In Washington State, buildings are one of the largest and fastest growing sources of emissions in the region, primarily due to the use of fossil fuels like fracked gas for space and water heating. “Natural” gas consists primarily of methane - a greenhouse gas 86 times as potent as carbon dioxide - and a large majority of gas we use now comes from the environmentally destructive process of fracking. When methane leaks are taken into account, the full climate impact of fracked gas rivals that of coal.
According to the US Energy Information Administration, in 2018, burning fossil fuels in the buildings sector in Washington produced 18 million metric tons (MMT) of carbon dioxide equivalent (CO2e). These emissions are equivalent to the annual emissions from 3,957,182 cars or 5 coal plants, and amounts to 19% of the total emissions from fossil fuel combustion in the state.
Thanks to Washington state’s abundance of clean, low-cost electricity, swapping out gas appliances for electric alternatives is a huge climate win. This switch would reduce the average household’s climate footprint by 50% - the equivalent of completely giving up your car. Multiple studies, including the Washington State Department of Commerce’s recently completed draft state energy strategy, have identified hooking buildings up to our increasingly clean electricity as the most cost-effective pathway to a decarbonized building sector.
The emissions from these appliances aren’t just hurting our climate. According to data from a Harvard study conducted May 2021 and RMI analysis, fossil fuel appliance pollution was responsible for 53 premature deaths in Washington in 2017. Additionally, with over 11 million metric tons of greenhouse gases per year, the total monetized health and climate impacts of appliance pollution are estimated to be at least $1 billion annually. Another shocking report showed the use of gas stoves was responsible for over 12% of US childhood asthma cases - that’s over 650,000 children nationwide. As the body of research grows, it is clear that burning fracked gas in our homes and our communities is an immediate threat to the health of ourselves and our families.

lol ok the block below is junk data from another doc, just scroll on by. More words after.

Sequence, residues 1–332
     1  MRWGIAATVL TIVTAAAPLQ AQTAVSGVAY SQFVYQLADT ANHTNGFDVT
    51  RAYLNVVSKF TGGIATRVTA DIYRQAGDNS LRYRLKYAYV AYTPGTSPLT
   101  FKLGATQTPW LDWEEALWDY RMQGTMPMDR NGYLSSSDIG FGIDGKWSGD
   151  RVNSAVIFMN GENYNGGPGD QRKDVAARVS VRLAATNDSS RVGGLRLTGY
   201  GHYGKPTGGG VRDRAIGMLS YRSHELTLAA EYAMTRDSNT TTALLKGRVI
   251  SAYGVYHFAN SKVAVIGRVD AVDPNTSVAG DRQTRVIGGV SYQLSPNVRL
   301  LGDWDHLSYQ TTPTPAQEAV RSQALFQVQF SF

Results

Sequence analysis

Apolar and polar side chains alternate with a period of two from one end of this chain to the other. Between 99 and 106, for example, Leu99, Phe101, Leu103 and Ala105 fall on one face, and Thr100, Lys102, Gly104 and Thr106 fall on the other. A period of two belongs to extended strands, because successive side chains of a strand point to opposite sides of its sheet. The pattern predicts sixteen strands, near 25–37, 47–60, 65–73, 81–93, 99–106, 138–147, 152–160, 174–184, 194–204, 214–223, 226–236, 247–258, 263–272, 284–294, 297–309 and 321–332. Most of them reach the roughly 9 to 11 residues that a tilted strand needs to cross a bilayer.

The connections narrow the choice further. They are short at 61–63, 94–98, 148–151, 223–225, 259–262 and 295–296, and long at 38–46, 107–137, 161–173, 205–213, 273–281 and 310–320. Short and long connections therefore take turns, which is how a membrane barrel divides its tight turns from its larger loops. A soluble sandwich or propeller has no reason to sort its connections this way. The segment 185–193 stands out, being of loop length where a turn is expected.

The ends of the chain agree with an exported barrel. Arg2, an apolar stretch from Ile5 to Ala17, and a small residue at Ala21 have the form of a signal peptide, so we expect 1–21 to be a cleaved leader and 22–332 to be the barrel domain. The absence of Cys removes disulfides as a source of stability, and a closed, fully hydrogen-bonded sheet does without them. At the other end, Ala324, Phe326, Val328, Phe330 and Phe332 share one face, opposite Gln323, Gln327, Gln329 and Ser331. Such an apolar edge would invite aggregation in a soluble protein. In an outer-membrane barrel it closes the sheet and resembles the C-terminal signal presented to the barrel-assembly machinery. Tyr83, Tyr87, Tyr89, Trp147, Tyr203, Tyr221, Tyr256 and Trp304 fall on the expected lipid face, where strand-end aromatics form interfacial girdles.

There’s also the issue of safety, particularly for communities prone to major earthquakes. Gas appliances increase the risk of household fires through small methane leaks from pipes, meters, and appliances in the home. Communities around the country have seen major gas explosions in recent years, including right here in Seattle. In 2013 an improperly decommissioned Puget Sound Energy gas line caused a massive explosion in the Greenwood neighborhood, closing multiple neighborhood businesses for a year or more. On average, between 2016-2018, a gas pipeline incident has killed someone, sent someone to the hospital, and/or caused a fire and/or explosion once every 4 days nationwide.
While recent changes to the Washington state energy codes have almost completely halted the construction of new buildings using gas for space and water heating, existing buildings continue to pose a significant barrier to reaching net zero emissions. In order to stop the climate crisis, reduce polluting emissions and protect public health and safety, Washington must transition its existing buildings off of fossil fuels and to clean, renewable electricity, and ensure that historically marginalized households are prioritized for this transition. Thankfully, there are plenty of solutions, and with the passage of the Inflation Reduction Act in Congress, unprecedented resources for this transition.
In order to ensure a just transition to all electric homes and buildings, we must:
- Eliminate subsidies for new gas infrastructure;
- Create programs to utilize local, state and federal funding to weatherize and retrofit homes with a focus on low income and historically marginalized households;
- Transition large commercial buildings off of gas through policies such as building performance standards, which are currently being considered by cities like Seattle; and
- Restrict the sale of new gas appliances in the coming decade, pursuing appliance emissions standard policies such as the ones being considered by the California Air Resources Board (CARB) and Bay Area Air Quality Management District (BAAQMD).
Finally, new jobs retrofitting buildings should be prioritized for unionized work forces in communities of color that are disproportionately impacted by fossil fuel pollution, and these communities should be the first to enjoy the indoor air quality benefits of new electric appliances. We’ll work to make sure workers, low-income people, and communities of color are prioritized.
Healthy homes and clean buildings are an essential part of the clean, equitable future we’re all working to create together. Stay tuned in the coming months for more updates and opportunities to make your voice heard.